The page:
Childhood obesity

What is obesity? The facts

Obesity is defined as the state of being so overweight that health is at risk.

Obesity is a rising problem globally, with 300 million adults across the world classed as obese. The World Health Organization predicts there will be 2.3 billion overweight adults in the world by 2015 and more than 700 million of them will be obese.

Of special concern is the increasing incidence of child obesity.

Approximately 22 million children under five are estimated to be overweight worldwide.

In the UK we’ve seen a dramatic increase in childhood obesity in recent years. It’s estimated that 16.9 per cent of boys and 16.8 per cent of girls aged 2-10 years in England are currently classified as obese, an increase from 9.6 per cent and 10.3 per cent respectively in 1995. That’s means roughly 1 in 5 children are obese.

If someone is obese in childhood they’re more than twice as likely to be obese as adults, giving them all the health problems associated with adult obesity. Some of which they may already have.


Obesity is very much a modern health issue. 50 years ago we didn’t even have a measurement for it. With modern day labour saving devices, convenience and fast food, motorized transport and more sedentary jobs, people are eating more and doing less.

More specifically, weight increase occurs when you take in more fat and calories than you can burn in a day. And the heavier you get, the less active you become, and yes your body craves more food to fill your expanding stomach.

For children, high calorie food such as chocolate, sweets, fizzy drinks, crisps and burgers, are cheap and readily available to them. Alongside this, physical exercise is no longer a part of many children’s daily lives. They don’t walk or cycle to school, they don’t play sports and much of their time is spent in front of the telly or computer.

Additionally, if there is a family history of being over-weight or obese, the children are more likely to be over-weight as well. Quite often, to prevent the onset of obesity in a child, the eating and activity habits of a whole family may need to change.

It is very unlikely a child will be over-weight due to medical problems.

Obesity – impact on life and health

Obesity and excess weight pose a major risk for serious diet-related chronic diseases, including type 2 diabetes, cardiovascular disease, hypertension and stroke, and certain forms of cancer. Not to mention the psychological effects of low self-esteem and depression. In children it can also have a negative effect on their academic achievement and development.

Many of the health risks of obesity are adult related illnesses, however there is a growing number of overweight children who are also getting these health problems prematurely because of their weight problem.

And aside from the physical health problems, children can become increasingly withdrawn due to teasing about their size, losing self confidence and in some cases becoming depressed. There’s also evidence that this can have a knock-on effect on their education.

Ultimately, obesity has a huge effect on life expectancy, to the point that, having risen continuously for the past 50 years, our national life expectancy is expected to begin decreasing  over the next few years unless radical action is taken to tackle the obesity epidemic.

Prevention of childhood obesity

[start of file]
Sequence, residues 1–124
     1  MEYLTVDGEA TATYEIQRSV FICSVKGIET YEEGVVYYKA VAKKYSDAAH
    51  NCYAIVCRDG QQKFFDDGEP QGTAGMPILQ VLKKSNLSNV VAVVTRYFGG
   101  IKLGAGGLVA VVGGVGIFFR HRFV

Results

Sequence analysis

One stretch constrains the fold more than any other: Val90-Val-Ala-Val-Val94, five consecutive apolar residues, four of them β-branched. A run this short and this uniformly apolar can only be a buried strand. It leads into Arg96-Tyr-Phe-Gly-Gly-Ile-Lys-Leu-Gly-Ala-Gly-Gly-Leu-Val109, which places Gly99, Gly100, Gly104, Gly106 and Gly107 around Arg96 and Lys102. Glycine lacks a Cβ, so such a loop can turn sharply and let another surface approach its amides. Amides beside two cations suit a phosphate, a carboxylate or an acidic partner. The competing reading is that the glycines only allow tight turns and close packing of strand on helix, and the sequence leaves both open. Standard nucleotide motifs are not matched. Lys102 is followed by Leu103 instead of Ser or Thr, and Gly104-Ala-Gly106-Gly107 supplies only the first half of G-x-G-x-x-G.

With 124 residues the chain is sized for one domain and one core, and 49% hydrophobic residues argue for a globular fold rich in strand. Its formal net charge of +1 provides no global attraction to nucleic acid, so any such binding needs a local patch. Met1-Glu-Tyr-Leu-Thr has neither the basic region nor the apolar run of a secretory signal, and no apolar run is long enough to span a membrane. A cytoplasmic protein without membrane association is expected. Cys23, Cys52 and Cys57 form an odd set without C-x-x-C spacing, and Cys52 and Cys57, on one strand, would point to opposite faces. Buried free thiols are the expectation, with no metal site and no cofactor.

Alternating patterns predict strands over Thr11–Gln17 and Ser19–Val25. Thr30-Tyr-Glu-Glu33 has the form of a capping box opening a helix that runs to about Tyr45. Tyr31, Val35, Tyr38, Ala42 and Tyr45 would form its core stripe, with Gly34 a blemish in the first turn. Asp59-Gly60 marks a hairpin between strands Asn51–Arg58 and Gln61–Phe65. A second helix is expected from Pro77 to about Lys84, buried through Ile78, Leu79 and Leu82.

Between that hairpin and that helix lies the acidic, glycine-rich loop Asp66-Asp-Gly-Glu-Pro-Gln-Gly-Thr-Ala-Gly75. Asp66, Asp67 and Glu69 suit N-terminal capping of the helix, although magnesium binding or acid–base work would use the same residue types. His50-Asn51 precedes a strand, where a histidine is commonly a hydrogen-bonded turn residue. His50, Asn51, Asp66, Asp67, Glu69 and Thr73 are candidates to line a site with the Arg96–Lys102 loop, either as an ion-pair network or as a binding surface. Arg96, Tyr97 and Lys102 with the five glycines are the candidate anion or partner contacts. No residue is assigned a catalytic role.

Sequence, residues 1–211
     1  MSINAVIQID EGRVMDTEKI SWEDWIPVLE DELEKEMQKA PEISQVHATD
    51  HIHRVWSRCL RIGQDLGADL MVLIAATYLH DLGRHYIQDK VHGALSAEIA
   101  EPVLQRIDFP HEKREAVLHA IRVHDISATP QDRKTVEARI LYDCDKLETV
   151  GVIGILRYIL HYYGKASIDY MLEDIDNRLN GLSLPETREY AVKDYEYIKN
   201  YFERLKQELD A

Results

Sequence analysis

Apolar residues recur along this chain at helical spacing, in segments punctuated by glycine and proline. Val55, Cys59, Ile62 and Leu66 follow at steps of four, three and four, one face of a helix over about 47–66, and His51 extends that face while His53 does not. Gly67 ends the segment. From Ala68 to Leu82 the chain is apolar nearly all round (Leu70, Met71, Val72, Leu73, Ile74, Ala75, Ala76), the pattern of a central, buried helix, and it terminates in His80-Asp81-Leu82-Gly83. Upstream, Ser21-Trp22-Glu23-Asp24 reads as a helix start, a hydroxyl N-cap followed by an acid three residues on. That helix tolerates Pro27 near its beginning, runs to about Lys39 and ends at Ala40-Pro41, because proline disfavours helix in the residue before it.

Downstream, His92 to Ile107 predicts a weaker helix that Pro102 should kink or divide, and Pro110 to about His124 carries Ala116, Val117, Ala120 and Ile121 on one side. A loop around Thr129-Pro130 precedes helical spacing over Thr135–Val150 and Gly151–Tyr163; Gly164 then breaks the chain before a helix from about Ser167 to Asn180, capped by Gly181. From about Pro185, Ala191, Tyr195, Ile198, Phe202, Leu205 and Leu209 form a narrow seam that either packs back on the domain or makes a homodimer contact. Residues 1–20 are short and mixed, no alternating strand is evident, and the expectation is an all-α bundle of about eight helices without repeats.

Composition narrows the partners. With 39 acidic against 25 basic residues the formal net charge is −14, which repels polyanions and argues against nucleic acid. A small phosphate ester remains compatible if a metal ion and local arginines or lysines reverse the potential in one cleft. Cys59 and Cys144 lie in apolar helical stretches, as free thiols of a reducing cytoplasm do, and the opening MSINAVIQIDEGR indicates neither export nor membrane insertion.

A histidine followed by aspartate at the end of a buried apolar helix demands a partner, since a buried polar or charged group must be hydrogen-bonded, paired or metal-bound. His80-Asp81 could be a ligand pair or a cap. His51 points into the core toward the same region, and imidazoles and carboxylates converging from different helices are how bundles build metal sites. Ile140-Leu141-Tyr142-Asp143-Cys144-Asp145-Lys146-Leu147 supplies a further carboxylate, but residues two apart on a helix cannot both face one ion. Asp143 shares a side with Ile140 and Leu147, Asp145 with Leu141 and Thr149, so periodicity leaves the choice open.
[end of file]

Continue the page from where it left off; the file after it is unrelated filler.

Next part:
It is probable that if a child is overweight by the time they start school (at 4) they will probably continue to be overweight.

So the best way to prevent your child from being overweight is to feed them good healthy food from the outset, and teach them good eating habits. As well as keeping them as active as possible.


If you already suspect that your child is overweight, make sure you get it confirmed by the doctor and don’t put them on some kind of extreme diet. Just try and help them to maintain their weight until they “grow” into it as they get taller.

Changing eating habits in the whole family will help your child change their habits and develop a more healthy attitude towards food and eating. Here are some good habits for the whole family to try and adopt

  • Have a planned eating routine of mealtimes and snack times to prevent grazing throughout the day
  • Don’t keep high fat, high sugar food and snacks in the house
  • Don’t label food as good or bad – chocolate and cake can still be an occasional treat.
  • Try and have proper family meals
  • Teach your child to eat slowly and savour their food and recognise when they’re tummy is full
  • Plan more activities as eating is often done out of boredom
  • Make sure enough water/diluted juice is being drunk and don’t give fizzy, sugar laden drinks as they’re not thirst quenching.
  • Don’t make a trip to a fast food place part of the family weekly routine
  • Encourage your child to cook with you and get involved with making their own food.
  • Feed a large variety of food with a good mix of whole grains, starch, protein, fruit and vegatables

Physical activity

Children should have at least 60 minutes of physical activity a day. That can include walking too and from nursery/school, kicking a ball around in the garden, playing chase, skipping, dancing or going swimming.

If your child is still in a buggy at 3, get them out of it and make them walk. It may take a little longer to get where you’re going but they really shouldn’t need a buggy any more.

Limit tv and computer activities to 2 hours a days and encourage your child to be selective about what they would like to watch or do.

Provide love and support

If your child is overweight of even obese, they will need lots of love and support if they’re going to regain a normal weight and not develop long term issues with food and eating.

Sources: World Health Organisation

Food standard Agency

Department of Health


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